A group of protesters have entered the River Nore in Kilkenny City in a bid to halt a piledriver from working on a controversial new bridge.
The construction site has been the scene of an ongoing demonstration for three weeks now, by locals and others opposed to the new 16 metre-wide bridge. This morning, heavy piledriving machinery was brought out onto the river to begin its work.
At least eight protesters – two in a canoe and six swimmers – went out to meet it. They moved in close to the piledriver, and the work was brought to a halt for over an hour. The machinery has since withdrawn from the river.
The new bridge is to have a number of columns within the river. The intallation of bridge piles is regarded by some within the protest camp as a means of precluding any possible abeyance or change to the project.
Previously, the protesters had managed to delay the entry onto the site of the equipment for a week, before a Garda operation at 4am ensured its access last Friday morning.
Speaking to the Kilkenny People this afternoon, the protesters say they feel badly let down by the move to begin operating the piledriver just two days before a council vote on a review of the project. On Tuesday, the members of Kilkenny County Council agreed to meet this Saturday morning to discuss a notice of motion calling for a review. Construction work on the new bridge was due to continue in the meantime, however, today is the first day that the piledriver has been brought to bear.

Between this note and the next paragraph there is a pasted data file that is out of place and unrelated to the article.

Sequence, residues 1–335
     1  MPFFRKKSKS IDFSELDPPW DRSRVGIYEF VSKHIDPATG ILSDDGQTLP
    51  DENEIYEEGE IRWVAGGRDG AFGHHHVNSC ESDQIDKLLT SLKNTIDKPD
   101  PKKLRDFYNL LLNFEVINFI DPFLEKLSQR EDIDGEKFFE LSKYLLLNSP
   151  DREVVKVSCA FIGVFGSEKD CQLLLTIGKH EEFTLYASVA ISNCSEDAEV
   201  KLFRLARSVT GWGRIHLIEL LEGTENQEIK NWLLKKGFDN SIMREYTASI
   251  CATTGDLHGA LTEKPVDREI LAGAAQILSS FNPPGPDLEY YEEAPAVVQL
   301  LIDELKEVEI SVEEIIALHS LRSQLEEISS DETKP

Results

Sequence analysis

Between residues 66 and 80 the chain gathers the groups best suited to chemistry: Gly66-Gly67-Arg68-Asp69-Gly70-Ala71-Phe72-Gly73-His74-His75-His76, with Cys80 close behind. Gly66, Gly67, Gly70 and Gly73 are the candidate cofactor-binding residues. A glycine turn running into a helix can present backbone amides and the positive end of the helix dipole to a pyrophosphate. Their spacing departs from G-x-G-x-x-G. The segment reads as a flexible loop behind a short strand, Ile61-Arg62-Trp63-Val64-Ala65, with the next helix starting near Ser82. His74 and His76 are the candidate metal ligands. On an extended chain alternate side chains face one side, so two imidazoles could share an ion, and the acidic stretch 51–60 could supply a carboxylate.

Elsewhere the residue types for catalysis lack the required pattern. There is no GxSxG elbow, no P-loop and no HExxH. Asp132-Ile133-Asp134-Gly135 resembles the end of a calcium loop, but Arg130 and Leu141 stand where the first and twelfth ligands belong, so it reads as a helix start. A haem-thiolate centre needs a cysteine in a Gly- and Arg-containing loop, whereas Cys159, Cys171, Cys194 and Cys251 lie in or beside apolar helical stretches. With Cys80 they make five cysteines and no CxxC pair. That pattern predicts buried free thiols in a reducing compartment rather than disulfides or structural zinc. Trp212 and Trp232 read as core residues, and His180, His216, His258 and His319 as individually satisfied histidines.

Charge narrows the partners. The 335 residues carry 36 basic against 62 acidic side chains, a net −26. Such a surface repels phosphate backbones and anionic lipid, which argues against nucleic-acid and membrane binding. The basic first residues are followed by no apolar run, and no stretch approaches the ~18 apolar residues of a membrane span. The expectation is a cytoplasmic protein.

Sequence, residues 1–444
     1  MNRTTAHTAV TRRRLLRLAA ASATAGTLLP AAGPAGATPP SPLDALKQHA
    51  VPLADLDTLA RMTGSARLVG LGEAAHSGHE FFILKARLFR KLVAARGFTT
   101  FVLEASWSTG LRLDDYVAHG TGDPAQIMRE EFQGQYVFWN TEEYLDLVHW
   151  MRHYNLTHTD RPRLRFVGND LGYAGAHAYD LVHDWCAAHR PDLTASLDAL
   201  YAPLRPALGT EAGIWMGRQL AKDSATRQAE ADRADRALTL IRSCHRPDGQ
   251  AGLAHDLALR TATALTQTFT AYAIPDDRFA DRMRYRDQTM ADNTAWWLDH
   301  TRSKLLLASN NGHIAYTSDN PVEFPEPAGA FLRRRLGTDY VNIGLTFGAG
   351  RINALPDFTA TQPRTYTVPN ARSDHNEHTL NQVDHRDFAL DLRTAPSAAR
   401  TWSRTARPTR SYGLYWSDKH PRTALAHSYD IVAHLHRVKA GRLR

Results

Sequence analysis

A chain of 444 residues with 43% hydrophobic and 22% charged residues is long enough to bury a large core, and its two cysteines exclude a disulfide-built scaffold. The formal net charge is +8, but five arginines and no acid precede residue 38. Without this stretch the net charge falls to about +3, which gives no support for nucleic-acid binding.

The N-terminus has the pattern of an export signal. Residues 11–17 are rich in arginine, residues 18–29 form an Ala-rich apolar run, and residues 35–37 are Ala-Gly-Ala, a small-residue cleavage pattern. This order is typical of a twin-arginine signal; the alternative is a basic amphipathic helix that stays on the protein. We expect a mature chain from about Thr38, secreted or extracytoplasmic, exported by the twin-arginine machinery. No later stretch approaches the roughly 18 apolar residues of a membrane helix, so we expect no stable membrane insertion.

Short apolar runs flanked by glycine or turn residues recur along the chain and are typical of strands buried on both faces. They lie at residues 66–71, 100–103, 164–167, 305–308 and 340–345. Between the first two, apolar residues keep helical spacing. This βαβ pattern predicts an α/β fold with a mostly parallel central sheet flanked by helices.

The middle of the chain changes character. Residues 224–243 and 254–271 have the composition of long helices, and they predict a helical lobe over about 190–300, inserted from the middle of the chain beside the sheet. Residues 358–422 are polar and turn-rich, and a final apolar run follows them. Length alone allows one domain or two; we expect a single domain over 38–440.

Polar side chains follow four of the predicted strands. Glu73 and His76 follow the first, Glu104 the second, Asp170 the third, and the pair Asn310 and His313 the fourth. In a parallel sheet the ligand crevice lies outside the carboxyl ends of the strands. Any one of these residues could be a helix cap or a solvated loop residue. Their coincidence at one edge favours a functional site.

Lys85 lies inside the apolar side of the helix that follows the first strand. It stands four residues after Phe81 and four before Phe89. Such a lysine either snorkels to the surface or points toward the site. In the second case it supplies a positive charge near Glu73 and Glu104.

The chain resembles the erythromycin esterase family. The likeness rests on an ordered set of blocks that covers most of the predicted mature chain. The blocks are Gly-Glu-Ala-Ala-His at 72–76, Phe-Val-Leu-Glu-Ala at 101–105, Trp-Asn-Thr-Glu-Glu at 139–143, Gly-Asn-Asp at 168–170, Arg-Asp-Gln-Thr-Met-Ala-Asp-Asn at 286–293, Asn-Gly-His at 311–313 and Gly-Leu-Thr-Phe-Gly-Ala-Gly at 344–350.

Details of the proposed review have not yet been revealed in terms of its remit, timeframe, and terms of reference, or whether it will be by internal or external means. The protesters say that any review taking place while work continues on the site would be meaningless.
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